3. I have researched the space fees a good bit. Typically the cost is either a flat fee based on square footage, or a % of sales and sometimes both. Of course you will pay extra for extra services like electrical etc. But with respect,a NON food booth is not the same as a food booth. As I posted originally, regardless of how the non food retailers are doing, the food booths always kill it based on my detective work. Any business has expenses, and this one is no different. I spoke to countless vendors and have obtained the vendor guides to numerous events, so I have a pretty firm grasp on the numbers. I am looking for input from food only vendors to try to pick up some additional info and 'food for thought' pardon the pun. I have spoken to several dozen food only vendors and have yet to find a single one who wasn't making good money. Non food vendors? Another story entirely. 
  4. jarjarchef

    jarjarchef Master of the Pit OTBS Member

    Keep your menu simple, but creative. Keep your food cost low, but not cheap quality. It is ok to only have a couple things on your menu, just make sure it is great. The nut carts are a good example of that.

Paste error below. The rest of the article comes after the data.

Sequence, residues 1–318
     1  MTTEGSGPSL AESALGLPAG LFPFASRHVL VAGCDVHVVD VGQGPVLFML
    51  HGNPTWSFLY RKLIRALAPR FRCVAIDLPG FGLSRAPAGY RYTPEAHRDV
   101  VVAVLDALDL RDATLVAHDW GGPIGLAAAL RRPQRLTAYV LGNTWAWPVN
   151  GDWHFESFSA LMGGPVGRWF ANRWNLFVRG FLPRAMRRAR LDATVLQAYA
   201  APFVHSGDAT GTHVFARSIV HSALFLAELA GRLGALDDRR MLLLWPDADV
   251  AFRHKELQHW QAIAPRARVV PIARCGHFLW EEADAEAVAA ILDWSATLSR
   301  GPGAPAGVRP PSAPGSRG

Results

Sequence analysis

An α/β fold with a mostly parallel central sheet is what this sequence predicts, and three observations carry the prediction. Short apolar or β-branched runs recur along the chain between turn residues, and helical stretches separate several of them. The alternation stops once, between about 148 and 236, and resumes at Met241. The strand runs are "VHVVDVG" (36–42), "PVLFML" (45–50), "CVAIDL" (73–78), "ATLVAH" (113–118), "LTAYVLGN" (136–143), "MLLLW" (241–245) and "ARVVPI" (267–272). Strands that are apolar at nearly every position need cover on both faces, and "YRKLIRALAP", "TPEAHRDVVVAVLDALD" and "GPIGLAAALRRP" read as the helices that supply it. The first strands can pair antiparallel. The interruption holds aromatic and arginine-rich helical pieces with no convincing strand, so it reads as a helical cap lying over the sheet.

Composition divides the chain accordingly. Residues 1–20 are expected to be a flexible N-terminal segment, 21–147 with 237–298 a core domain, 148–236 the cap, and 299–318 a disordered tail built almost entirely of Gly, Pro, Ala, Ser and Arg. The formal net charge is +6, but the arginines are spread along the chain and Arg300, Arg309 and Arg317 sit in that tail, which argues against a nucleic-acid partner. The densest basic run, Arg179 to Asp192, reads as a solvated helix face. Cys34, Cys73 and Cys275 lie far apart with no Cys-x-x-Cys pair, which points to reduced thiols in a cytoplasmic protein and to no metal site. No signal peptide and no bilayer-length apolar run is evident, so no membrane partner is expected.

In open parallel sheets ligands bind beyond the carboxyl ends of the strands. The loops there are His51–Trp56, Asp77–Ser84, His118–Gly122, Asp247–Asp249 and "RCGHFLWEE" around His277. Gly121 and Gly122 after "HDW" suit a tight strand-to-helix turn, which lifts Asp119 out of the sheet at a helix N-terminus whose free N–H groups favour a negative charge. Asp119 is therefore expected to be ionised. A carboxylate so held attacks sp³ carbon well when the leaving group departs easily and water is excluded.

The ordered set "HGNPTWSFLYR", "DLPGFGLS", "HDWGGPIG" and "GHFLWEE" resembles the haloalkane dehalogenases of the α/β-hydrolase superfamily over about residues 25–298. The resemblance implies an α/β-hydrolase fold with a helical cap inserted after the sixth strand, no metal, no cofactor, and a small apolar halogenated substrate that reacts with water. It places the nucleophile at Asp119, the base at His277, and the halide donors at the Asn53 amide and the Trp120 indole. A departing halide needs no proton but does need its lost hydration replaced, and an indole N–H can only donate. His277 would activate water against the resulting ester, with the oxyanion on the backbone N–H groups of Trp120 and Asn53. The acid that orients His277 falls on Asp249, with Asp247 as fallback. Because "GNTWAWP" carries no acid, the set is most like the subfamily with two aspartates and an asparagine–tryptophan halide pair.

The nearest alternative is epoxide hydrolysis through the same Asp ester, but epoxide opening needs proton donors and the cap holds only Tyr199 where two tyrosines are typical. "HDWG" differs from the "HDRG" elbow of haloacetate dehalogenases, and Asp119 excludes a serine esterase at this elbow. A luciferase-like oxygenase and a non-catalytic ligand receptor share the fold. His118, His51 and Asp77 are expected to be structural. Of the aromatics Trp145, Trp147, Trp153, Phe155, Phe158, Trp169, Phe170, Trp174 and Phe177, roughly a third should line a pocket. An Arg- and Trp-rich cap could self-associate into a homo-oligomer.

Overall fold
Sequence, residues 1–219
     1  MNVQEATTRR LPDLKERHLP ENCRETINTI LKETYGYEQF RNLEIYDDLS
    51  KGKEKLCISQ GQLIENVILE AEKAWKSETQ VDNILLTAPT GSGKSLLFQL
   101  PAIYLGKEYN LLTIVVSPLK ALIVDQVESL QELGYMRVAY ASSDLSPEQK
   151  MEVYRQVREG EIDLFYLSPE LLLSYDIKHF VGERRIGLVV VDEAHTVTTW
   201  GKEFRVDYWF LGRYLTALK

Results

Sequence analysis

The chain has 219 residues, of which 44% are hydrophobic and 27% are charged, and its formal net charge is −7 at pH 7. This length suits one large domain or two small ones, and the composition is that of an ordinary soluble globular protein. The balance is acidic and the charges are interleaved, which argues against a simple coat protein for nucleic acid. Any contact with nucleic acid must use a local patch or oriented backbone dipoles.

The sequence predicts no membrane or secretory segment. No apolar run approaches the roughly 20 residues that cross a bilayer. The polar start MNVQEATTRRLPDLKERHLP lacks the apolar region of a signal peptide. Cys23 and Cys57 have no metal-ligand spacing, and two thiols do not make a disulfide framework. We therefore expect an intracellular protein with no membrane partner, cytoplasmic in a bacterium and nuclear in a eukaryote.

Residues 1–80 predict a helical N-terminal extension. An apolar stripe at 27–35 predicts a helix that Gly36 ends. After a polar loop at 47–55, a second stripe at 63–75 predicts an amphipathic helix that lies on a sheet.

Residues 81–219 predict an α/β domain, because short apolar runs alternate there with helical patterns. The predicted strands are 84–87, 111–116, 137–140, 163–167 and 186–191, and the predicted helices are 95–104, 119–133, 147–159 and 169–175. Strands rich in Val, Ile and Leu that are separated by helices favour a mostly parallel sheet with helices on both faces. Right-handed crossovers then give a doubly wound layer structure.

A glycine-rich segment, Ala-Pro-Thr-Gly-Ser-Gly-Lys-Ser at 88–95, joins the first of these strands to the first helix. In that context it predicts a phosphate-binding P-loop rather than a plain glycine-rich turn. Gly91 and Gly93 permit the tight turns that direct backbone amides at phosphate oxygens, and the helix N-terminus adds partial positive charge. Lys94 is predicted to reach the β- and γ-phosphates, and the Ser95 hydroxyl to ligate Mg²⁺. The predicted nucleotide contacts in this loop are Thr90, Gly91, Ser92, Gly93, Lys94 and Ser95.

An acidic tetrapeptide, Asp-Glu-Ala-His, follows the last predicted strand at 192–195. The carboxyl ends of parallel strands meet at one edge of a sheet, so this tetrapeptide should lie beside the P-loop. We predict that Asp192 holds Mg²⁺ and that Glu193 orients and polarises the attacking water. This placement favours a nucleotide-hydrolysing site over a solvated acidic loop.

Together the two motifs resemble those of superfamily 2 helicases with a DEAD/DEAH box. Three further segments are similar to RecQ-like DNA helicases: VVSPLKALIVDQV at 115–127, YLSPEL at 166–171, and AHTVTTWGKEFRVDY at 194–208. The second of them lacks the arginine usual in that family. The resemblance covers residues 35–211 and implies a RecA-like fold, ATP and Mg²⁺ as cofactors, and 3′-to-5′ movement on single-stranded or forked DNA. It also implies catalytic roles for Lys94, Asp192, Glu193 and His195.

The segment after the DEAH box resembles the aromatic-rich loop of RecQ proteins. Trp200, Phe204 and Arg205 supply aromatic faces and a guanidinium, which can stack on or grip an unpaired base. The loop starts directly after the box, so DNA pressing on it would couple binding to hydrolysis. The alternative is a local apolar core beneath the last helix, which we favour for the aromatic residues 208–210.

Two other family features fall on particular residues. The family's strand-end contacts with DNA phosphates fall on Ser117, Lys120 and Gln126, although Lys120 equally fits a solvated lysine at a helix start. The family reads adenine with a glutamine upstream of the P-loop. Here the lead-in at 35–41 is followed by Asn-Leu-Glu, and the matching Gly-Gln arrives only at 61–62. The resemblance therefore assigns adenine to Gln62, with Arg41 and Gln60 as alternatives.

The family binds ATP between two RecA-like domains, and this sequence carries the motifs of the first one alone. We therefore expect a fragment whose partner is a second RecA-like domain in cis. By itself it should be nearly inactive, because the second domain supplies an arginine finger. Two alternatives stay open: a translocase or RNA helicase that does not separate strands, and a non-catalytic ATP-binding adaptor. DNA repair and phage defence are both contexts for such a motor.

Just make sure you go in with eyes wide open. It is easy to only see dollar signs. My wife owns a preschool and people all the time assume she makes money hand over fist. They will start to add up the tuition and number of kids, but miss all of the back operational costs. It is great you are doing your homework. Just keep it simple as you learn the details that you can only learn by doing.
  5. I have noticed that the fair vendors do keep it simple. No sides, no complicated plating. "Fair Food" is a cuisine unto its self. People wait all year to go eat the stuff they would never dare. Deep fried twinkies, etc. Being able to offer fountain drinks seems like a must as well. In a fountain drink, the cup and lid are by far the most expensive parts. I see the fair prices for drinks routinely at $5.00, which is well over $4.00 profit. Some are smart enough to offer discounted ($3) refills, which is even higher margins. Some of the food is good, some average- only a few have been great IMO. But everyone was taking in the cash. Some of my questions center around natural gas vs propane vs electric and also what is a reasonable size for a clean water and grey water tank etc.